All in all, a nice little 50 mile loop, and I beat the rain back to Tent City although I really had to hoof it through Weldon. Others weren't so lucky and had to deal with flash floods. Guess where I spent the night.

Day 5 started with beautiful blue skies for the trip back to South Hill. Since the route was so close to the Lake house, I just took off from there that morning over my much travelled roads up to the Valentines Post Office. This was the first rest stop of the day and had the distinction of hosting a wedding. This was the second wedding I can remember on Bike Virginia, the first being at the Chateau Morrisette winery during the grueling Southwest Virginia Odyssey. It was also the second wedding I have attended at the Valentines Post Office. I was out doing a solo ride at the Lake several years ago and I had a Great Peanut Tour jersey on. Next thing I know a car pulls up along side me and rolls down the window. I figured it was someone lost and needing directions. Then I recognized a familiar face, Bobby Wrenn, the organizer of the Great Peanut Tour and an ordained minister. He asked where I was headed, and if I would be interested in heading up to Valentines as he was marrying a couple of cyclists there. I said "why not?" So this couple rides in from VA Beach on seperate cycles, gets hitched, jumps on a tandem, and heads back to VA Beach. I get back to the house and Lisa wants to know what took me so long. It took some convincing to make her believe that I really had attended a wedding. Which brings us to this one.

On June 28th, 2006, Sandy Criswell tied the knot with Steve Jakubowski at the Valentines Post Office on Day 5 of Bike Virginia. I wish the happy couple well. I rode with the group down to Gasburg, then peeled off to finish the day with my regular Lizzard Creek circuit. Got back to the Lake house and picked up a paint brush. We got the entire front and high side done before I dove into a cooler full of Yuenglings. Thus endeth BVA 2006.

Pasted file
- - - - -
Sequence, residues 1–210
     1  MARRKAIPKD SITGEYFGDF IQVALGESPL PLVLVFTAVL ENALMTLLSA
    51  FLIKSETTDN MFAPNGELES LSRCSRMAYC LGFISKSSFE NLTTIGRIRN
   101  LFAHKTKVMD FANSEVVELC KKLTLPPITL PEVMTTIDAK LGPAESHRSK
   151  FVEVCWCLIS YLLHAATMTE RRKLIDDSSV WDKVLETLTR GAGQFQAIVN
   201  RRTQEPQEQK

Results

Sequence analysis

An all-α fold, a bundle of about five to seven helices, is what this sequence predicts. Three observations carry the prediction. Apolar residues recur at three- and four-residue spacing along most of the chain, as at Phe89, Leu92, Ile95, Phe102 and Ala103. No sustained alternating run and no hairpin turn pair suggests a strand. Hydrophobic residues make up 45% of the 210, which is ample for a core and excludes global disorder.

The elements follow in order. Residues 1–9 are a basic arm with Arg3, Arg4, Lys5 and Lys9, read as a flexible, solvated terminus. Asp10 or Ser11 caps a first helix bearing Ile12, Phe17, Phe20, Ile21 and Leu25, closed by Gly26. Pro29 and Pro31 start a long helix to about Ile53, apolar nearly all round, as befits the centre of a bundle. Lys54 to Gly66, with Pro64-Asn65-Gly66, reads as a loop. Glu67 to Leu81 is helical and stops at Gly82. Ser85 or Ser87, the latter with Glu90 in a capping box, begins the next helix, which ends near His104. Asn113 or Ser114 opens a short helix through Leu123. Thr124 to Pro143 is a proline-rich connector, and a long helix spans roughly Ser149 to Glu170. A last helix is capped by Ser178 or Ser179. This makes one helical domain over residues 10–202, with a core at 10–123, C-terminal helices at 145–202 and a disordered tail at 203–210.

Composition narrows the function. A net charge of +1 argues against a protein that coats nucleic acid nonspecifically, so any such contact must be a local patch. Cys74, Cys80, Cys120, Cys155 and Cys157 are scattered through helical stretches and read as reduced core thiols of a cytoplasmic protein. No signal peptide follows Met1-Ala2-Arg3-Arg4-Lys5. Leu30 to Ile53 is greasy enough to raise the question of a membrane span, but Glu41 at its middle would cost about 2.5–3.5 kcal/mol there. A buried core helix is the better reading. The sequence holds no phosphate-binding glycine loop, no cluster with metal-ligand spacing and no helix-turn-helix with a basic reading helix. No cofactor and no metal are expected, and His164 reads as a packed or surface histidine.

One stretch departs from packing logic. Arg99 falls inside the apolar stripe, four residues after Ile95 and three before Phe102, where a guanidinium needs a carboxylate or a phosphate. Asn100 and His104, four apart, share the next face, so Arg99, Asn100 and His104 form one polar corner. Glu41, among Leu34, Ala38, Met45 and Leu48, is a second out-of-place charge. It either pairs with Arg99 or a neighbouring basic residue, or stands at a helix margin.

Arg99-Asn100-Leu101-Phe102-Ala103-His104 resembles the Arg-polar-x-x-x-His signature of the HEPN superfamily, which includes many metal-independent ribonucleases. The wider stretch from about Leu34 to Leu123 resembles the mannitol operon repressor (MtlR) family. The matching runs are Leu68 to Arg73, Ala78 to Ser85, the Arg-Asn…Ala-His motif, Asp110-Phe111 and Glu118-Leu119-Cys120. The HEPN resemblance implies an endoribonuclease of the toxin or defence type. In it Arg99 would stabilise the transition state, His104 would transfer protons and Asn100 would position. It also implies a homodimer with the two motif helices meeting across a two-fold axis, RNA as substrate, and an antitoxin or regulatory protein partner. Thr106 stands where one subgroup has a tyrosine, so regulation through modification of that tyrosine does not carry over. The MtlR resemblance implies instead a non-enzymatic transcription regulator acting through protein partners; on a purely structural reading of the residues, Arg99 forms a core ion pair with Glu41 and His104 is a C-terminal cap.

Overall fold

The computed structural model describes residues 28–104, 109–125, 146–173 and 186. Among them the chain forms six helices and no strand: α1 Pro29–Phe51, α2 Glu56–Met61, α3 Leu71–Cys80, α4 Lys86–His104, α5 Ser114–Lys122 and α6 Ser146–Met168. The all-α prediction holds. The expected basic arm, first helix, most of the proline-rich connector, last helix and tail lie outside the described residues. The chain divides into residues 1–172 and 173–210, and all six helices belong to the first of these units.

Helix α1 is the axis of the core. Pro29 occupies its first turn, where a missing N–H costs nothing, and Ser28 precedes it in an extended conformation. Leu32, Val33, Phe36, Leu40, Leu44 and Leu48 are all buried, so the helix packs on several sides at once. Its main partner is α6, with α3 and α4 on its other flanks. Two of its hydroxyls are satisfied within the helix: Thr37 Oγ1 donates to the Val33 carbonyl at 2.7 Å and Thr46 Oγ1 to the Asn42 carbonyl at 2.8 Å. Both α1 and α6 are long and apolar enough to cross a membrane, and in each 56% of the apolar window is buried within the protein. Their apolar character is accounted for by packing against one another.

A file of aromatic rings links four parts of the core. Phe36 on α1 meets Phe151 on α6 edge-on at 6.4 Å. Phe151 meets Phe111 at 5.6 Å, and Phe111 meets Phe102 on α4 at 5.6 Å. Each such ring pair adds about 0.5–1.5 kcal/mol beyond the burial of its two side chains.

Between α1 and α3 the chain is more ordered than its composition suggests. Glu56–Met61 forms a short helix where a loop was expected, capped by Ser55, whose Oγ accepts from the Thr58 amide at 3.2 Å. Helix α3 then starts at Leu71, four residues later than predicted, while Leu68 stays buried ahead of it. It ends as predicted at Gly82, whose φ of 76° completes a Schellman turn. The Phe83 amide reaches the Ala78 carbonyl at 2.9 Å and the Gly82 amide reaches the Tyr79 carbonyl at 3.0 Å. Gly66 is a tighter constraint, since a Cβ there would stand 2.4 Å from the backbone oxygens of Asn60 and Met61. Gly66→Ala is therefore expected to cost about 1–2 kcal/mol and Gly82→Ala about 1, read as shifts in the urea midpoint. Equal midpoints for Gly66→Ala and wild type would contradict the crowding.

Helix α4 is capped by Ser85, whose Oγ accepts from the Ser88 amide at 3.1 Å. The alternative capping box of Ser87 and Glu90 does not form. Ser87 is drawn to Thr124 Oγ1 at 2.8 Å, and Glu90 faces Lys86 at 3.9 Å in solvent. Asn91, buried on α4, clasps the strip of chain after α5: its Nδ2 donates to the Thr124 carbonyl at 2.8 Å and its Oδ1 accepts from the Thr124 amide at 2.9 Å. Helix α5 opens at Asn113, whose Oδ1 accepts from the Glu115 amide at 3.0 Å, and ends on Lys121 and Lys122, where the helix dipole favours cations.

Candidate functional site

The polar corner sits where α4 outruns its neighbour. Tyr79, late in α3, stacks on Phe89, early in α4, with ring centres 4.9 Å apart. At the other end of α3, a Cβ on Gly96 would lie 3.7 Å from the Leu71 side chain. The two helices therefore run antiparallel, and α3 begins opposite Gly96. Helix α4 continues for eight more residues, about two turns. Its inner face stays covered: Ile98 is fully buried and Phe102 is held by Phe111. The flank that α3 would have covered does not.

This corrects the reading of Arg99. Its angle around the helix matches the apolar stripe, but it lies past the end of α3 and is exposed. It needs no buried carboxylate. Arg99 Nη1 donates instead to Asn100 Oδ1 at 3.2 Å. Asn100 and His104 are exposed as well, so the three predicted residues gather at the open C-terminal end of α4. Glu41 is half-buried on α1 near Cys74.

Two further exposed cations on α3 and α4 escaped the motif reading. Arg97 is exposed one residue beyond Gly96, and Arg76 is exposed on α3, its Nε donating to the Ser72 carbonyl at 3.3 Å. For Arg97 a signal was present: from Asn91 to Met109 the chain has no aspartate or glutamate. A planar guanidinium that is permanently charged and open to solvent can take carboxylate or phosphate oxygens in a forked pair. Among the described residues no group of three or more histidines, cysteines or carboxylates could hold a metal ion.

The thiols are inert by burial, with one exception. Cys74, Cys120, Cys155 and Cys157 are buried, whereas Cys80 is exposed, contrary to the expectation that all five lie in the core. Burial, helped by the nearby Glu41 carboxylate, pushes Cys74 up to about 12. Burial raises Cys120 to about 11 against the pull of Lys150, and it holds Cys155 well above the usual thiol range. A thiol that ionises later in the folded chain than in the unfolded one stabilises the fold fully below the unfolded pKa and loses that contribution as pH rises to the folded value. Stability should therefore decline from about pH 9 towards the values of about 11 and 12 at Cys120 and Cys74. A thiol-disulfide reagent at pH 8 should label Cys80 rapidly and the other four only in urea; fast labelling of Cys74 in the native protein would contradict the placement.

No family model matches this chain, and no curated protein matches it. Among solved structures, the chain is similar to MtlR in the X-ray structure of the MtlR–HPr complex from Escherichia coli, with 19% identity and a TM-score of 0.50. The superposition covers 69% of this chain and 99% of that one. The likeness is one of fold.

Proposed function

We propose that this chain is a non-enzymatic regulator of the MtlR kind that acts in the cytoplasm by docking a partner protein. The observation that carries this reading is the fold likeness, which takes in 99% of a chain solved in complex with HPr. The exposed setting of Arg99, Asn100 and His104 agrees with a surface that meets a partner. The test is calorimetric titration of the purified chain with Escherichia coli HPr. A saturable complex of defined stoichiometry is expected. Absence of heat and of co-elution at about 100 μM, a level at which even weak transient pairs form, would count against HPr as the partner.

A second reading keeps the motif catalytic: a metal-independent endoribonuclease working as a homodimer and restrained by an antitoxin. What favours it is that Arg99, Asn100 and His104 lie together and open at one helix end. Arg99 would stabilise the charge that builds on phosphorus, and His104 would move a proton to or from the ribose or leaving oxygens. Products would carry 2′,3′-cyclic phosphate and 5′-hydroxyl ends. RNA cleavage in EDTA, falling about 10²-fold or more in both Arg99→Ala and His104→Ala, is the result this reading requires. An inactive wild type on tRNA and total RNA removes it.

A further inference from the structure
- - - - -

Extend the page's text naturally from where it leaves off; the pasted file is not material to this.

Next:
Tuesday, July 11, 2006

Bike Virginia 2006- Day 2

After some intense rain during the night, I rejoined Bike Virginia in Emporia. Found a great parking spot at Greensville County High School and decided to do the forty mile loop that added the requisite mileage for a century from South Hill. It was a beautiful ride over some familiar roads for me. We did go to a little town east of Emporia that I had never visited, Grizzard, VA. Not a whole lot there, but I did find this old Esso station. After that, there were rest stops in Adams Grove and Little Texas, both familiar stops from the Great Peanut Tour. The route took us down Low Ground Road, undoubtably the flattest road in Virginia. Upon arriving back in Emporia, I decided to brave the elements and camped that night. We got some rain, not too bad and my Eureka tent performed beautifully, keeping me dry and comfortable. I left Emporia the next morning, and after checking in at the lake house, headed over to the next host town, Roanoke Rapids, NC.

Sunday, June 25, 2006

Bike Virginia 2006- Day 1

The air was thick as soup when we departed Park View HS on our first day. We rode through some tobacco fields on our way to Boydton, VA. I had forgotten how beautifully manicured they are. Boydton was a cool old town. The Boydton-Petersburg Plank Road was a very important supply route before the railroads. It remained an important road for troop movements during the Civil War. The Boydton Tavern dates back to 1790 and there are 183 historic buildings there. I would like to go back and explore some more.

From Boydton, we headed south to our lunch stop at the Buggs Island Dam (proper name is John H. Kerr dam, but no one from Virginia calls it Kerr Lake, as the Carolinians do.} A make your own sandwich thing with various salads and sweets. Not bad and free! All the lunches on the ride are free this year. After lunch we rode across the dam. The route monitor was sick of all the dam jokes. "Where's the dam lunch?, Another dam line, enjoy your dam ride, etc."

From the dam we rode east on the old Jerusalem Rd before turning north on Old HWY One to cross the Roanoke River and up to our last rest stop at Smiths Crossroads. This stop had a cool theme. Every stop tries to be special in some way, and this one was home to some Parrotheads. Palm trees, girls in grass skirts, everything but the margaritas. From there a short jaunt back to South Hill. 57 miles total.

When I got back to the truck, I turned on the NOAA weather radio and the forecast convinced me that camping was out for the night. I packed up and headed for the dry, air conditioned comfort of the lake house. What an intense rain, at least an inch per hour, and it rained for two solid hours. There will be some soggy sleeping bags. I glad mine is not one of them.